[LINK] Customers may be forced on to NBN to keep phones
lucifer.au at gmail.com
Tue Oct 12 04:50:13 EST 2010
[Every day in every way, this just gets bette and better]
Customers may be forced on to NBN to keep phones
* Annabel Hepworth and Lauren Wilson
* From: The Australian
* October 12, 2010 12:00AM
THE Gillard government and the key providers of the NBN are still
working out how to ensure basic phone services to those people who do
not sign up to it.
In Tasmania, official estimates forecast that just 16 to 25 per cent
of premises passed by the NBN rollout would subscribe.
This prompted the state government to switch to an "opt-out" model,
where homes and businesses would be automatically connected to the
service unless they refused.
Last night, the government revealed that those wanting to retain a
fixed-line telephone service in their home would be forced to connect
to the NBN.
A spokeswoman for Broadband Minister Stephen Conroy said people living
within the planned NBN fibre footprint - which is the 93 per cent of
premises that would be covered by the network - must have fibre
connected to their homes through the NBN if they want to maintain a
fixed-line telephone connection.
"Anyone who has a fixed-line phone service will continue to have a
fixed-line phone service," the spokeswoman said. But before a home
owner can choose a telecommunications provider for their fixed
telephone line they must opt in to the NBN network.
The situation facing people within the NBN footprint who refuse to
connect to the network remains unclear and is still subject to talks
between the NBN Co, the government and Telstra.
Currently, Telstra has a universal service obligation requiring it to
ensure basic telephone services are available to all Australians on an
equitable basis, no matter where they live.
Under Telstra's $11bn deal with the NBN Co, the telco would be
relieved of that obligation, which would be transferred to the NBN Co
for the areas covered by the fibre network.
That deal would see Telstra gradually shut down its ageing copper
network - currently the main way of providing fixed-line telephone
services - and "migrate" (transfer) customers to the new broadband
A spokeswoman for the NBN Co said yesterday there had been "detailed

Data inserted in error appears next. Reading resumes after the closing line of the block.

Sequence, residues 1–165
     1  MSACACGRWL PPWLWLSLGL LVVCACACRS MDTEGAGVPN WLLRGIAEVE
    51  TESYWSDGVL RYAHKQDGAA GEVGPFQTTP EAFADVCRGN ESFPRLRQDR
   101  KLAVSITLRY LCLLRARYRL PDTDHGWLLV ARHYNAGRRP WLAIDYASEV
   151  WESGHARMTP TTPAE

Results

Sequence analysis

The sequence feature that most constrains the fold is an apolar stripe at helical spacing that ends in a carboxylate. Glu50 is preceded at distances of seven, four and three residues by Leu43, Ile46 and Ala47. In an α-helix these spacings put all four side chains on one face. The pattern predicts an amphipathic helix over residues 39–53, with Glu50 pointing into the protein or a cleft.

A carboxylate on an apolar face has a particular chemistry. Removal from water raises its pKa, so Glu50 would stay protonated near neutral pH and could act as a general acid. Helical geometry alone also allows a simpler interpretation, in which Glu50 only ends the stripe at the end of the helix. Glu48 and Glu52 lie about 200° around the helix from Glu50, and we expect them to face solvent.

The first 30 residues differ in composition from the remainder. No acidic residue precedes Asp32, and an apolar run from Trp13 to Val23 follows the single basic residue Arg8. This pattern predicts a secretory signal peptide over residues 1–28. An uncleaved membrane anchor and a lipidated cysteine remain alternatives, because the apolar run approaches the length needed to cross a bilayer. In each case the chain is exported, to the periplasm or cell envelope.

discussions" over several months about a "range of complex issues".
"Those discussions are continuing and include issues such as
migration," she said.
While Senator Conroy's office last night pointed to the implementation
study into the NBN as proof the NBN Co could develop a "strong and
viable business case", concerns have lingered that the project might
need shoring up.
While Tasmania has chosen an opt-out model, NSW and Victoria have
ruled out a similar move.
But this issue has sparked intense debate.
Last night, iiNet managing director Michael Malone said other states
would need to follow Tasmania's lead in order to shore up the
viability of the NBN project.
With an opt-in model, Mr Malone warned, "complacency means people don't opt in".
"It's going to be very difficult to get the take-up rates that are
needed, and also very expensive because technicians will need to keep
coming back to do the houses that missed out the first time around,"
Mr Malone said.
Paul Broad, the head of the nation's third-biggest telco, AAPT,
sounded a note of caution about forcing people into the project. He
asked: "If people were forced on to it, what are they going to be
He pointed to Sydney's Cross City Tunnel, where the NSW government
initially adopted measures aimed at pushing motorists away from
alternative routes and into the tunnel.
"In Sydney, when they tried to force everybody into the Cross City
Tunnel, everyone went up in arms," Mr Broad said. "NBN has that sort
of a feel to me."
The government is expected to introduce competition and consumer
reform legislation into parliament in the next three weeks that is
crucial for the agreement between Telstra and NBN Co to proceed.
There have been concerns about the lack of transparency on the
non-binding deal between Telstra and NBN Co.
Future Fund chairman David Murray has raised concerns about how little
the fund - Telstra's No 1 shareholder - knows about the deal and its
Business Council of Australia president Graham Bradley has raised
concerns about the competition ramifications of the deal with Telstra
on the NBN, while other business leaders have demanded a business case
be developed for the project.
Senator Conroy's spokeswoman said the government was expected to
respond shortly to the implementation study.
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